Amid drought, California desalination project at crossroads

HUNTINGTON BEACH, Calif. – For more than two decades, Orange County in California has debated whether to build a bathing plant to convert salt water from the Pacific Ocean into drinking water in hopes of protecting against droughts like the one currently raging in the most populous state in the country.

Now, Poseidon Water’s $1.4 billion proposal is under critical review Thursday by the California Coastal Commission, which is charged with protecting California’s scenic shorelines.

Poseidon and his supporters, including Governor Gavin Newsom, say the Huntington Beach plant will produce 50 million gallons of water a day, which is crucial to help reduce state and federal water supplies after years of drought. Newsom, a Democrat, recently told the Bay Area News Group editorial board that a denial would be a “big setback” and “we need more tools in the damn toolbox” to fight the drought.

But environmental groups and Coast Commission staff, which reviewed the plan, oppose it. They argue that it will damage marine life by killing tiny organisms that form the basis of the ocean’s food web. They also say it is vulnerable to flooding and other hazards. And some in the water industry say the cost of desalinated water is too high and not needed in an area with access to cheaper sources.

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“The ocean is not our reservoir. We do not own its contents,” said Susan Jordan, executive director of the California Coastal Protection Network and member of the Stop Poseidon coalition. “It belongs to the planet, but they use it as their personal piggy bank and it’s not a piggy bank. It must be protected. »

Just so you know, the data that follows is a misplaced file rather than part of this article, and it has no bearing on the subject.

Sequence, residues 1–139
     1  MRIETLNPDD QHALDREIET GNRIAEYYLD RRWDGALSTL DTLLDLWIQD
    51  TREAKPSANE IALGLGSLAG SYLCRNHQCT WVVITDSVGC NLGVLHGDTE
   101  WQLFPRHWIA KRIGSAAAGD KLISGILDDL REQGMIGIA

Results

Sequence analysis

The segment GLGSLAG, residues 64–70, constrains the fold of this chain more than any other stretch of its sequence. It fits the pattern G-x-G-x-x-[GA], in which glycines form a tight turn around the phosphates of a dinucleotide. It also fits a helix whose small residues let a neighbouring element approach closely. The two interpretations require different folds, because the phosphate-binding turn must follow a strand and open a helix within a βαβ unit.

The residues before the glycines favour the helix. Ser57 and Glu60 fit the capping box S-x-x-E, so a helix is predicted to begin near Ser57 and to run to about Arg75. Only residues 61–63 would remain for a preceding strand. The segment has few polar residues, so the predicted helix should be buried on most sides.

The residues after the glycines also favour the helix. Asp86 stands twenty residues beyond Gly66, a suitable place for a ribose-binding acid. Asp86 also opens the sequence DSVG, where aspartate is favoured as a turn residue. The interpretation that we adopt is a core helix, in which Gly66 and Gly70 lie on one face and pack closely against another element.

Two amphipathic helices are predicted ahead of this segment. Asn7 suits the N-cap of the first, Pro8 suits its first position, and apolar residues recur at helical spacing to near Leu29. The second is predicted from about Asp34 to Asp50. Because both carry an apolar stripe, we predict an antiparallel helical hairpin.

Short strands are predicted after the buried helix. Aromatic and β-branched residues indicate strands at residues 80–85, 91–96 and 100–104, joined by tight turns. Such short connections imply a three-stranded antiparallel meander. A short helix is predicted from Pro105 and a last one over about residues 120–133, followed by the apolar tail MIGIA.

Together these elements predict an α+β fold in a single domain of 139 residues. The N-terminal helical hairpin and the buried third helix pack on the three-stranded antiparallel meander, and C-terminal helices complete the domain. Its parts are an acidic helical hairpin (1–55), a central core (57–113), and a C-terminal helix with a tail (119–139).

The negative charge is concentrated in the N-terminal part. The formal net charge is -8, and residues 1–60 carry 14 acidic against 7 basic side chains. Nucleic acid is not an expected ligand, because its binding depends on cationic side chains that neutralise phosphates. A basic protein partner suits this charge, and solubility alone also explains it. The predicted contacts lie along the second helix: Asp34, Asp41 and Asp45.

California has spent most of the past 15 years in drought conditions. Its normal wet season that runs from late fall to late winter has been particularly dry this year, and as a result, 95% of the state is classified as severely drought-prone.

Last summer, Newsom urged residents to cut their consumption by 15%, but since then water consumption has only fallen by around 3%. Some regions have begun to introduce generally mild restrictions, in most cases limiting the number of days lawns can be watered. Stricter restrictions are likely later in the year.

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Much of California’s water comes from snowmelt and with a much lower than normal snowpack, state officials told water agencies they would only receive 5% of what they asked of state water supplies beyond what is needed for critical activities like drinking and bathing.

The idea of ​​desalination has been debated for decades in Huntington Beach, a coastal community southeast of Los Angeles known as “Surf City USA” that depends on its sand and waves for tourism. These days, discussions about the project have also focused on the impact of climate change on regional water supplies and sea level rise in the low-lying coastal area where the plant would be built.

Desalination takes seawater and removes salt and other elements to make it drinkable. These elements are discharged into the sea, while the water can be piped directly to consumers or used to replenish a groundwater basin. The country’s largest seawater desalination plant is already operating in neighboring San Diego County, and there are coastal plants in Florida as well.